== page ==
I don’t really know what time my Grandparents usually wake up, but I’m guessing it’s pretty early, because when I awoke sometime between 8 and 9, they gave the impression they’d been up for a while.
I had my first shower and shave in a couple of days, and discovered that I don’t think I like English showers any more than I like American ones. As I was to discover in the coming weeks, the Brits aren’t great ones for streaming hot showers. The water pressure is simply not up to the standard of your average Australian shower.
But no matter, when it’s been two days, you take any shower you can get. After breakfast, which consisted of Grandad and Gran’s particular mix of breakfast cereals, sultanas and low fat milk, we headed out to look around.
We stopped in a little country lane for a look around the place where my mother grew up, and some of the massive greenhouses that they’ve built recently in the area. I was left wondering what they do in a really bad hail storm. Then we went on to Chichester.
Australia was settled by Europeans about two hundred years ago, and in the big cities where most Australians live, there are not too many traces of life from before that time. If we see a building from the 1850s that’s still standing, we’re impressed. “Wow”, we think “that’s old”.
So it’s a bit of a shock to the system when you go to somewhere like Chichester, which has a cathedral 1000 years old, and sections of Roman wall that date back to 50AD. I took a deep breath, put my hand on the wall to feel it, and marvelled at the workmanship. Because let’s face it, anything man-made that has lasted almost two thousand years has got to be pretty well made. I dare say your average picket fence around a front garden won’t still be around in two thousand years.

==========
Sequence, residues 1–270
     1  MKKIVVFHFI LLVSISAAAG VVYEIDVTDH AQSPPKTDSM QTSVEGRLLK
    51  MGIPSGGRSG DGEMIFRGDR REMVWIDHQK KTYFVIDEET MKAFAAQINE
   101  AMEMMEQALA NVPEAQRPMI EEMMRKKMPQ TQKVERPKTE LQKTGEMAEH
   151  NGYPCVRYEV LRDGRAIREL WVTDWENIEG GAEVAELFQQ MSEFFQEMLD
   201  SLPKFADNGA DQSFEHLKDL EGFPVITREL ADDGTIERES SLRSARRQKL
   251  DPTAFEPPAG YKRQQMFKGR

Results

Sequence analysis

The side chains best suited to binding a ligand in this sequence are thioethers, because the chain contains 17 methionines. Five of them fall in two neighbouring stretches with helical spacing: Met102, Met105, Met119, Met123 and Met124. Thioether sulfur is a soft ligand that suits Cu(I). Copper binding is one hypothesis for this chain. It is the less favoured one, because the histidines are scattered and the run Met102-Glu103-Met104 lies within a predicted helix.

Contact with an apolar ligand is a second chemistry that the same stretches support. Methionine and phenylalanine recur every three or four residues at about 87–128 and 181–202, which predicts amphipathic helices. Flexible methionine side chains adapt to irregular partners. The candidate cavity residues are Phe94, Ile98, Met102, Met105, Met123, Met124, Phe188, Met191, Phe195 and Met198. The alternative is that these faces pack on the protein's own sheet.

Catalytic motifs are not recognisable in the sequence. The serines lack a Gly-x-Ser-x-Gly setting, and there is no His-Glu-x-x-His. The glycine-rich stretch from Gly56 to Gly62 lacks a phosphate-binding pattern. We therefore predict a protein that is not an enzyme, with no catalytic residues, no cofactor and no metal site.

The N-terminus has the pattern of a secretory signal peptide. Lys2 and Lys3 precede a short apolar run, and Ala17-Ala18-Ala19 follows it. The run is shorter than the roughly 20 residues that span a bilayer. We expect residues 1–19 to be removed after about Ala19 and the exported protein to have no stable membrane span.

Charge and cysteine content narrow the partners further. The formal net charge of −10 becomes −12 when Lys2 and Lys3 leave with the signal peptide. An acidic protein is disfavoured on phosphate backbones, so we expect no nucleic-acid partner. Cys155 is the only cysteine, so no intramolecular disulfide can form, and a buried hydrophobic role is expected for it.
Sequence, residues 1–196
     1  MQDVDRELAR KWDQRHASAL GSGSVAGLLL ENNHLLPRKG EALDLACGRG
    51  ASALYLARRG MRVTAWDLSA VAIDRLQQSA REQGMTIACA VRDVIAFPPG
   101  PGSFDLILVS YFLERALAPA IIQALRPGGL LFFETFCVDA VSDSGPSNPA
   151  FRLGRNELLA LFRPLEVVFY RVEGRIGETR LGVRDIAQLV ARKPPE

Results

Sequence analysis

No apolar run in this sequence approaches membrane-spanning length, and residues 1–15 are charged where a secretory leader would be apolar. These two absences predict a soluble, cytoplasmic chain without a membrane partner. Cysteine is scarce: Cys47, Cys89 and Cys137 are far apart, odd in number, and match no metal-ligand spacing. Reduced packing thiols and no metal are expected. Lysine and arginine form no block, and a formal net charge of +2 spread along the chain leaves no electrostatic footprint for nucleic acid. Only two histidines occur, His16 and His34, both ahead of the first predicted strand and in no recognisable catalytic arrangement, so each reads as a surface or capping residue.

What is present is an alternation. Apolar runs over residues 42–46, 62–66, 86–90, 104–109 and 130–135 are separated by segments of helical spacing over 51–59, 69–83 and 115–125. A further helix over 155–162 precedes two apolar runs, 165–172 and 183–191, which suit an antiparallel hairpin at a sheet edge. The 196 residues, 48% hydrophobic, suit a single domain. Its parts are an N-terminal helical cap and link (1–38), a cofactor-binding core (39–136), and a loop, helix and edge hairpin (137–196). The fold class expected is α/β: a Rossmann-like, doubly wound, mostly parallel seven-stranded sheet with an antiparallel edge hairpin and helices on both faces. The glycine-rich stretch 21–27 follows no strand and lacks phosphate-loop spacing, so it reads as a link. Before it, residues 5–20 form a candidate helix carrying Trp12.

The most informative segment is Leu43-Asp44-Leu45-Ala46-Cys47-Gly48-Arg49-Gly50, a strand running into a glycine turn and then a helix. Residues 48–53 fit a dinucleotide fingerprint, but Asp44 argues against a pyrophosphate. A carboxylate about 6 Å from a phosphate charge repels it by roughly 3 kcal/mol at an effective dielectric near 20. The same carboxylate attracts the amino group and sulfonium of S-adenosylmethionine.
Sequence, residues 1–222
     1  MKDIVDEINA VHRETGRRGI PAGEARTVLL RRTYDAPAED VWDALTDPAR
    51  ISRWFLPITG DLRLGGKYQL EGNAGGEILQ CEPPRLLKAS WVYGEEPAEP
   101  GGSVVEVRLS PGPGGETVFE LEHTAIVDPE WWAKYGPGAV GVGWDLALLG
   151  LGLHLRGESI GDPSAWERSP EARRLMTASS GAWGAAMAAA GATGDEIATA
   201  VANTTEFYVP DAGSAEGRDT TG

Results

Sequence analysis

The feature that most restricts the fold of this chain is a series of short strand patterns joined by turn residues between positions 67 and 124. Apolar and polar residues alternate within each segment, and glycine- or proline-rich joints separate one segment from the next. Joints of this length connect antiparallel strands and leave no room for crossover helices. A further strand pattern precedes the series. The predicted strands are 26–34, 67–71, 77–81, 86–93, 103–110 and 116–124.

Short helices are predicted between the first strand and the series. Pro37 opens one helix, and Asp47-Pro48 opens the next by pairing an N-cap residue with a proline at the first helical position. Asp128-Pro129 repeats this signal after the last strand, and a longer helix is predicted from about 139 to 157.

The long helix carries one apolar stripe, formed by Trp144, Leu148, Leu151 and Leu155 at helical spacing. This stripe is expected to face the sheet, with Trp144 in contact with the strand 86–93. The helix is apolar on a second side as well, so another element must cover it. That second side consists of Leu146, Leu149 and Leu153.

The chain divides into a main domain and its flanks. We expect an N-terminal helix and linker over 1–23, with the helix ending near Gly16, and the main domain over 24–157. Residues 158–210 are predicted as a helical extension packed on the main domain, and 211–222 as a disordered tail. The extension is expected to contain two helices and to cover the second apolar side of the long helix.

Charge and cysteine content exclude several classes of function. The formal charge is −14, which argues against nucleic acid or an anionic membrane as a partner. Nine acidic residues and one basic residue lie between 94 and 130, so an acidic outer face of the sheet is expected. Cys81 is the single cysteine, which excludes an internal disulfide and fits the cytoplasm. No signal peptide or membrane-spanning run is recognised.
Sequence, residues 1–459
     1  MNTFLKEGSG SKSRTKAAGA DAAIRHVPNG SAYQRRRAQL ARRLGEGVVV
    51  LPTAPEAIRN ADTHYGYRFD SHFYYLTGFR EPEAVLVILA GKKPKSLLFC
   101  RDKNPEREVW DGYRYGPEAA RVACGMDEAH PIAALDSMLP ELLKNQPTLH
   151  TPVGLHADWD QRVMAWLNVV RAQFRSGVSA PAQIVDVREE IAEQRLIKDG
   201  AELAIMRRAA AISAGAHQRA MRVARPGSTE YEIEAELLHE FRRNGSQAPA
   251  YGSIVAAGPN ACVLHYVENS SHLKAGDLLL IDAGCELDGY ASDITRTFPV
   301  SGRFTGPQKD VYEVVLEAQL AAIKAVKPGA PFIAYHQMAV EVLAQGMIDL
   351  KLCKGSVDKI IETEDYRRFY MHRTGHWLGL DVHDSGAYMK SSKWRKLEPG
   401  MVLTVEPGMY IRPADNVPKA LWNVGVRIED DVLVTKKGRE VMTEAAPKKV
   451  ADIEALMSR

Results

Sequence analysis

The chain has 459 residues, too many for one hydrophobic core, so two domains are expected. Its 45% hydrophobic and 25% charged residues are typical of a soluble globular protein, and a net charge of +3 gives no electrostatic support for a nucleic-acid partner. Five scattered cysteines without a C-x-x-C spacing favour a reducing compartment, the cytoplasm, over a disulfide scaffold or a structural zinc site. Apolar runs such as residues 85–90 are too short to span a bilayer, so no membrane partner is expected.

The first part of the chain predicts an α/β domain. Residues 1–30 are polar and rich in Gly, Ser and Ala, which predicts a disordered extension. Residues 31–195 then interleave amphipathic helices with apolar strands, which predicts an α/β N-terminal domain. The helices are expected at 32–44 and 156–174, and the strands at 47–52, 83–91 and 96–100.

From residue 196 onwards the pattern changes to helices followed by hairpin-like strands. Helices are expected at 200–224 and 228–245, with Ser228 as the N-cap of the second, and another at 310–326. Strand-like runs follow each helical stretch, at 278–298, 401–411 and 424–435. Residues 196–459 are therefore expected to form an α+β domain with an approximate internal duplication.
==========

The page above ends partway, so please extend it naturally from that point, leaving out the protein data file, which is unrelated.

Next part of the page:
The funny thing is, this was no museum. It was just a street in Chichester – actually a very boring street with a factory on one side and a carpark on the other (well, over the wall, that is). No plaque, nothing really to distinguish it. Just a two thousand year old wall sitting there, being wall-like.
We walked along to the cathedral, stopping to admire the big Cross in the town centre, where the main streets meet. (I forget the exact name of it; it might have been the Market Cross.) This is probably where they came up with the word crossroad, and I suspect how the roundabout was invented. When something as big as that is slap bang in the middle of the road, you’ve got no choice but to go around it.
And the Cathedral itself was pretty impressive, too. With all sorts of gravestones and memorials and trinkets and things reminding you that it had been there for about a millennium. It was so old that when they built the bell tower, they apparently hadn’t thought of putting it on the top of the church – instead it was a separate building.
We looked around the shops, which when first glancing at them and looking at the names, look interesting and foreign, but turn out to be camera shops and chemists and supermarkets and greengrocers, just like at home.